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During the run-up to the 1888 presidential election, Americans flocked to party rallies, marched in endless parades, and otherwise participated zealously in the political process. Although they faced a choice between two uncharismatic candidates—Republican challenger Benjamin Harrison and Democratic incumbent Grover Cleveland—voters took intense interest in the issues they espoused. And though Harrison became one of only four candidates to win the presidency while losing the popular vote, the lasting significance of the election was its foreshadowing of both the modern campaign and the modern presidency.
Charles W. Calhoun shows how this presidential contest not only exemplified Gilded Age politics but also marked a major shift from divisive sectional rhetoric to an emphasis on voters' economic concerns. Calhoun first explores Cleveland's rise to the presidency and explains why he turned to economic issues, especially tariff reduction, in framing his bid for reelection. He then provides a detailed analysis of the raucous Republican national convention and describes Harrison's effective front porch campaign, in which he proclaimed his views almost daily to visiting voters and reporters. Calhoun also explores the role of party organizations, business interests, labor, women, African Americans, and third parties in the campaign; discusses alleged fraud in the election; and analyzes the Democrats' suppression of black votes in the South.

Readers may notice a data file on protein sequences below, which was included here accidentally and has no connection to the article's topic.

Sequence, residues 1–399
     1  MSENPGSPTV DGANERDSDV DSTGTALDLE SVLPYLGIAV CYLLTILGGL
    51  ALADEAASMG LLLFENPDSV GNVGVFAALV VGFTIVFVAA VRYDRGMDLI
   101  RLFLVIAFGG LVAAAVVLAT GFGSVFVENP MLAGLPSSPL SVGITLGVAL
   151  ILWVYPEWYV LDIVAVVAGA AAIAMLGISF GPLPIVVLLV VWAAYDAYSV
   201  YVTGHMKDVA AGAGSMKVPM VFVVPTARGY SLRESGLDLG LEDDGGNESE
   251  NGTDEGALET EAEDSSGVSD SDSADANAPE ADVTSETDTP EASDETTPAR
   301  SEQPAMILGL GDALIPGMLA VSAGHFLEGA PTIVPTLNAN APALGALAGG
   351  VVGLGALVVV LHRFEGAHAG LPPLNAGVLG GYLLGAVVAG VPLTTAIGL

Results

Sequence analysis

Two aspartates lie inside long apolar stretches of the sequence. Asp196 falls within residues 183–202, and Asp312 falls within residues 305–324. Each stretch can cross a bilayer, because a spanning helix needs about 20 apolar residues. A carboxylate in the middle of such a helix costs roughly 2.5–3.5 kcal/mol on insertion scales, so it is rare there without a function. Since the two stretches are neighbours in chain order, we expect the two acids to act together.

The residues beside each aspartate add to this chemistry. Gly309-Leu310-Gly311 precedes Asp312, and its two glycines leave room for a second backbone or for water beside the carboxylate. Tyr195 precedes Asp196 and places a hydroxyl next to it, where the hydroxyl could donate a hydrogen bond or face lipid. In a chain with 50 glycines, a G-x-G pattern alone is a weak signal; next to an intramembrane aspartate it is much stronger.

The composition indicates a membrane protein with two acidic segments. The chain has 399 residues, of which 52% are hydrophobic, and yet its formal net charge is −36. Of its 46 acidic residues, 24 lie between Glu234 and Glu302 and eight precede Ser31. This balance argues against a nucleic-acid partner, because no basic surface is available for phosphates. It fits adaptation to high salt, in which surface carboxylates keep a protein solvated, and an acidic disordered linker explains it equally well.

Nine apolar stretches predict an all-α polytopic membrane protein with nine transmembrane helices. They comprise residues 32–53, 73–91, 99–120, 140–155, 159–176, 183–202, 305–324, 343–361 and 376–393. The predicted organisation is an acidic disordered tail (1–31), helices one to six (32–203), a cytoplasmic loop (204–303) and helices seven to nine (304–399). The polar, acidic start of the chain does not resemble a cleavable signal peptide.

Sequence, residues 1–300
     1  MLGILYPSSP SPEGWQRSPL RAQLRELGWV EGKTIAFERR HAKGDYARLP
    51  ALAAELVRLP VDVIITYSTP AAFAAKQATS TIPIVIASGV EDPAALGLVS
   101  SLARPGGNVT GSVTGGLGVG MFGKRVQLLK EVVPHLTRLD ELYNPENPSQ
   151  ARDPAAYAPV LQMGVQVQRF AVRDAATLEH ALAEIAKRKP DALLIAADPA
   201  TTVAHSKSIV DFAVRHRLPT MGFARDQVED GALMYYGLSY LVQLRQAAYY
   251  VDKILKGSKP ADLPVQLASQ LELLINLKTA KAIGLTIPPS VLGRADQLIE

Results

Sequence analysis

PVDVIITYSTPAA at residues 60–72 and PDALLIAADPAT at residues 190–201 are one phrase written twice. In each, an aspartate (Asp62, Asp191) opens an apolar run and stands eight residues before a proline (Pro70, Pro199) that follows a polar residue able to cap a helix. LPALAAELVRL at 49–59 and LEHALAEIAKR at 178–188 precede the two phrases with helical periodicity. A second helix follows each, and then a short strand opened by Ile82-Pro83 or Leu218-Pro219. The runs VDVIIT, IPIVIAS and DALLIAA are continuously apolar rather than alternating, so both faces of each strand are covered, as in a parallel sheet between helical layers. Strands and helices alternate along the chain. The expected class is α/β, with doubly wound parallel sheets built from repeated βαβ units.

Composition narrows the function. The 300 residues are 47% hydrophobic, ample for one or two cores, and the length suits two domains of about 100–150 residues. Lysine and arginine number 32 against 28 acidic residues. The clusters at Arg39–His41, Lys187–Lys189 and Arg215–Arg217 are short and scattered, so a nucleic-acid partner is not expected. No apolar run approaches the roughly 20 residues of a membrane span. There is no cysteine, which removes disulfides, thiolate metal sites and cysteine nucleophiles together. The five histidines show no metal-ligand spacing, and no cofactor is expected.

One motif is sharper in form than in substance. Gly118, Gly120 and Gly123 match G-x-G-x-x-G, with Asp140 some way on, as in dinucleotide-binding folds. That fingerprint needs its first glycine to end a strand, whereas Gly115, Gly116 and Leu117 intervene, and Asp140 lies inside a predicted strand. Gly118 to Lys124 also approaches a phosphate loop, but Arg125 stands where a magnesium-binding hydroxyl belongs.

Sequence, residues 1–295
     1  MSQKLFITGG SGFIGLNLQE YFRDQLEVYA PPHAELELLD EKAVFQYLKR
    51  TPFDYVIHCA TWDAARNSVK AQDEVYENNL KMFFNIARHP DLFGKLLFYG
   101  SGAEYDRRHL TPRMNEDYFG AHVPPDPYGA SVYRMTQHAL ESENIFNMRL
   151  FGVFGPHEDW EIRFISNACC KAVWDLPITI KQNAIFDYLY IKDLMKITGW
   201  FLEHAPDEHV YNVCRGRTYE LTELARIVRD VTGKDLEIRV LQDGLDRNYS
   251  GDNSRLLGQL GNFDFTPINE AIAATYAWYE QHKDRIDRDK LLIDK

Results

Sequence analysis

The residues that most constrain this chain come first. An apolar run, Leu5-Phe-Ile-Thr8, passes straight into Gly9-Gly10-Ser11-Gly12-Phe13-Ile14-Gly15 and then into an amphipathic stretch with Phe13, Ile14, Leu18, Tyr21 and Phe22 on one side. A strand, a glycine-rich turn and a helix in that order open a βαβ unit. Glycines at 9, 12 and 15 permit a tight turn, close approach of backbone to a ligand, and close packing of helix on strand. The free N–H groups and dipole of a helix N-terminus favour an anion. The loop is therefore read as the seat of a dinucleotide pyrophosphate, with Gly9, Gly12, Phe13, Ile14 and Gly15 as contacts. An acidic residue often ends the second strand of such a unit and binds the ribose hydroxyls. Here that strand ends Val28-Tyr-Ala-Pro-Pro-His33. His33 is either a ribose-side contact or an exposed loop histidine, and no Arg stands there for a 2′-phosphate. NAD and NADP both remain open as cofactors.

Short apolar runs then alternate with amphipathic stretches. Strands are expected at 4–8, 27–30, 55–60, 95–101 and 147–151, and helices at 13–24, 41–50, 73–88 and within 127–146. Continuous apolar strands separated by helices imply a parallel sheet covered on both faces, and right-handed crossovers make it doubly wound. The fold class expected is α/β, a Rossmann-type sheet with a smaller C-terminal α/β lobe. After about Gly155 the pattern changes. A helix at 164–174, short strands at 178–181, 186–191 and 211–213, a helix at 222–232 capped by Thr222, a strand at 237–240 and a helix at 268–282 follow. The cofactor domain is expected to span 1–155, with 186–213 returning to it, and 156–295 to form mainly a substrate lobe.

The 1888 campaign marked an important phase in the evolution of American political culture and augured significant innovations in American politics and governance. The Republicans' performance, in particular, reflected the party's future winning strategies: emphasis on economic development, personal participation by the presidential candidate, a well-financed organization, and coordination with beneficiaries of the party's agenda.
Harrison set important precedents for campaigning and then, once in office, fashioned new leadership strategies and governing techniques—emphasizing legislative intervention, extensive travel, and a focus on foreign affairs-that would become the stock-in-trade of later presidents. His Republican successors built upon these transformations, making the GOP the majority party for a generation and putting the presidency at the center of American governance—where it has remained ever since.
Table of Contents
1. The Political Universe of the 1880s
2. "Grover, Grover, Four More Years!"
3. The Republican Challenger: If Not Blaine, Who?
4. The Centennial Campaign for the White House
5. A Minority and a Mandate
Appendix A: Ballot Totals: Republican National Convention, 1888
Appendix B: 1888 General Election Results
Appendix C: Benjamin Harrison's Inaugural Address, March 4, 1889